Many individuals on my free sleep training course for insomnia find sleep difficult because they worry excessively about their sleep.
The more they worry about sleep, the more difficult sleep becomes.
What may start out as just a few nights of sleeplessness can turn into long-term, chronic insomnia.
Before they know it, they're stuck in the vicious cycle of insomnia; worry makes sleep difficult, which leads to more worry and even more sleep issues.
In other words, the more we think about stressful situations (such as an inability to sleep), the more our sleep suffers.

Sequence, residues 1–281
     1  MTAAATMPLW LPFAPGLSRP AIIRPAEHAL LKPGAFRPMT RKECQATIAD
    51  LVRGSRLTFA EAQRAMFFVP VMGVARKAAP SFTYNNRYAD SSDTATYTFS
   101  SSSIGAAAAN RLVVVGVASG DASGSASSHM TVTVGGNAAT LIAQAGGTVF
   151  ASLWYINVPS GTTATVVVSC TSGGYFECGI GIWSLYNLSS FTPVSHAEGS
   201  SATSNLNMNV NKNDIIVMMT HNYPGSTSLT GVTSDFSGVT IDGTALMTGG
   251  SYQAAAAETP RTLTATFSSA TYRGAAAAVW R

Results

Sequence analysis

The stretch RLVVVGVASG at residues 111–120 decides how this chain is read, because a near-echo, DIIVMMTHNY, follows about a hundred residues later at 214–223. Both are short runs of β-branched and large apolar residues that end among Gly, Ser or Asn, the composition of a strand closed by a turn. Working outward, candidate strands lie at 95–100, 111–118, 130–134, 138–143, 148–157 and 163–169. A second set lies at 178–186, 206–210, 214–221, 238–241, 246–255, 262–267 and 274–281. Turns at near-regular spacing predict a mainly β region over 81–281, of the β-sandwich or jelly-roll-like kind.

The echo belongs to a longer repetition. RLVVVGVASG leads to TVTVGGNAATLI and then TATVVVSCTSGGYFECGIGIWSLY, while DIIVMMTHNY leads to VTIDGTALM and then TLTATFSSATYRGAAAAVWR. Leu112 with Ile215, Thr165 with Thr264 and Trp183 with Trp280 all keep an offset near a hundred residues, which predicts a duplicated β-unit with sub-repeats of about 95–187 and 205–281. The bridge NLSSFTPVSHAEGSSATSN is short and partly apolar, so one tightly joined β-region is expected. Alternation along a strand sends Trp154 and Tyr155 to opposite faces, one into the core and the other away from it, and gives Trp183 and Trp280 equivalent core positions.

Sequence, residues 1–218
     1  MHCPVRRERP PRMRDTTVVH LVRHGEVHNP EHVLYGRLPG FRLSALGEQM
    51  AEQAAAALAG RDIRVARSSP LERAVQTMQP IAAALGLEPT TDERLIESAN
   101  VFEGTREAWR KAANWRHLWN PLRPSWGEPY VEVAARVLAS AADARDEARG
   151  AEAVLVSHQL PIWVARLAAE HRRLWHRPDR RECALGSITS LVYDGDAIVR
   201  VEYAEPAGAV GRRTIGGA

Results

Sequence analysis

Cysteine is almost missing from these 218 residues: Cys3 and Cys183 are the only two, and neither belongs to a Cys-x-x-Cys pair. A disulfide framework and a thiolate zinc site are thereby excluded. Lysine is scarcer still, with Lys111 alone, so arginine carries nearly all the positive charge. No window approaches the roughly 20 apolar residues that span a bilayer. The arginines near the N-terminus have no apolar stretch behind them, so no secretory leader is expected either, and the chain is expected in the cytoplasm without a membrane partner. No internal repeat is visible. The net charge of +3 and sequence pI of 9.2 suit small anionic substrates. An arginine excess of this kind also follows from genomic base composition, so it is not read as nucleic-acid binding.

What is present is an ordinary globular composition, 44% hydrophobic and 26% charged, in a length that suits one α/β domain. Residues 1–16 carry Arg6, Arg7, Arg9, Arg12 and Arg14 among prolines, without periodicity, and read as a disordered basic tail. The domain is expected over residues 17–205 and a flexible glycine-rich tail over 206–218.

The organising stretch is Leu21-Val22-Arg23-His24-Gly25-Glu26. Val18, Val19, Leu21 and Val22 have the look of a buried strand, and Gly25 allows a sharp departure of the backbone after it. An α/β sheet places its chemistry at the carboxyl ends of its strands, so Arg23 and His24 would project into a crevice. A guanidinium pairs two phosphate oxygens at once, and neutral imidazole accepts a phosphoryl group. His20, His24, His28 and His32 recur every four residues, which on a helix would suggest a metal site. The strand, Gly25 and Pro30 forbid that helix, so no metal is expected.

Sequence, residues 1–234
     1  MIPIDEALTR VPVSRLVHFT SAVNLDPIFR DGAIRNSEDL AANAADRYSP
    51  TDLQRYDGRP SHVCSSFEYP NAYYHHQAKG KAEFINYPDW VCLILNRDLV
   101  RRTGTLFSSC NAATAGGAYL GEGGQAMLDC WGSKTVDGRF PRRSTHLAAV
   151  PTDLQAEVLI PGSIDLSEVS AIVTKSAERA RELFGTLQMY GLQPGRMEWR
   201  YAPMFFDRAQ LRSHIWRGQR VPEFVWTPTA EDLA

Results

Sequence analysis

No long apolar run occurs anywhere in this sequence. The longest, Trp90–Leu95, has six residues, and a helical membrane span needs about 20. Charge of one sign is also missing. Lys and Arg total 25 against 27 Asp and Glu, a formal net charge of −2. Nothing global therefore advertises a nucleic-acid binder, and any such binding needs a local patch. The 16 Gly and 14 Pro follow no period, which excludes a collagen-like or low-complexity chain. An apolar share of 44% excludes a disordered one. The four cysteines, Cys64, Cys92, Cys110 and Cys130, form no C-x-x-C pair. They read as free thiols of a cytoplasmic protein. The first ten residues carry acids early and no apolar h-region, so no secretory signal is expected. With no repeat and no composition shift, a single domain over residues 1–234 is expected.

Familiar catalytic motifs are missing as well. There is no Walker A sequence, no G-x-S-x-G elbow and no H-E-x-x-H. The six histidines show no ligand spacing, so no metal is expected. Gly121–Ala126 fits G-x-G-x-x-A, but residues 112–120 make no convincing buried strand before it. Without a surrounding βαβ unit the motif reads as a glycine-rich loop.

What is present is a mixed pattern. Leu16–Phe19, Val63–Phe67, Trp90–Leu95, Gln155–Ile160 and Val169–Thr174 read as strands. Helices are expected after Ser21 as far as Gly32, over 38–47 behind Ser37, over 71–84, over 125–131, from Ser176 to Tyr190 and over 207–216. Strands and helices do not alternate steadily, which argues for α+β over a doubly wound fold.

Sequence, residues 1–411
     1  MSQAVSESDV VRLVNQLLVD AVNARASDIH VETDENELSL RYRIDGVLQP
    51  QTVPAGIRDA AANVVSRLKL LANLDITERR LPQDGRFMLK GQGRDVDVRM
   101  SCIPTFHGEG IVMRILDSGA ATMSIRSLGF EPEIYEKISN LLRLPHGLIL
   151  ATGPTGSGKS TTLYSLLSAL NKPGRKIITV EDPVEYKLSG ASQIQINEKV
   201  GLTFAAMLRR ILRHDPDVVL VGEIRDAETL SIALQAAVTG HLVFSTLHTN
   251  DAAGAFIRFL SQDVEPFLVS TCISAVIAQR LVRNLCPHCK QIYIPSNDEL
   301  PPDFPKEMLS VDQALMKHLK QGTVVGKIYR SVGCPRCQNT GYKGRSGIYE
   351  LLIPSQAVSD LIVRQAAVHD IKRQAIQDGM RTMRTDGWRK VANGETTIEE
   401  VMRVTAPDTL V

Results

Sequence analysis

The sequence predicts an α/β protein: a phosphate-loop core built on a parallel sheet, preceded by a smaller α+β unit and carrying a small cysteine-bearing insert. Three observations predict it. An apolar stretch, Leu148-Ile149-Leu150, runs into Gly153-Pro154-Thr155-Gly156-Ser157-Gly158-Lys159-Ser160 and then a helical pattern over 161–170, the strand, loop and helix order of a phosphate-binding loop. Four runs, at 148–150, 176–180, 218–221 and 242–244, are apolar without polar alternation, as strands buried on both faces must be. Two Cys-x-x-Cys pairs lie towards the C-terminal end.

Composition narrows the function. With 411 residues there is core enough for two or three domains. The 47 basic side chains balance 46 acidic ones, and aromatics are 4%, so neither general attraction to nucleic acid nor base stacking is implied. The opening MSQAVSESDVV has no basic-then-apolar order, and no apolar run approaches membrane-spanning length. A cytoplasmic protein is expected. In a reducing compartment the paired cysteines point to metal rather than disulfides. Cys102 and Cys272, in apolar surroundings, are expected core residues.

This cycle has been confirmed in studies, too.
A recent study published in the journal SLEEP looked at over 2,000 individuals with no history of insomnia or depression.
They found that stressful events or repetitive, unwanted thoughts about stressful situations were significant predictors of risk for insomnia one year later.
Researchers also found that those who were more likely to find stressful thoughts intruding on their sleep were also more likely to develop depression.
The best thing to do is avoid worrying about sleep. This is often a primary component of cognitive behavioral therapy for insomnia - and is one reason why CBT is such a powerful and effective insomnia treatment.
Last updated: March 19, 2015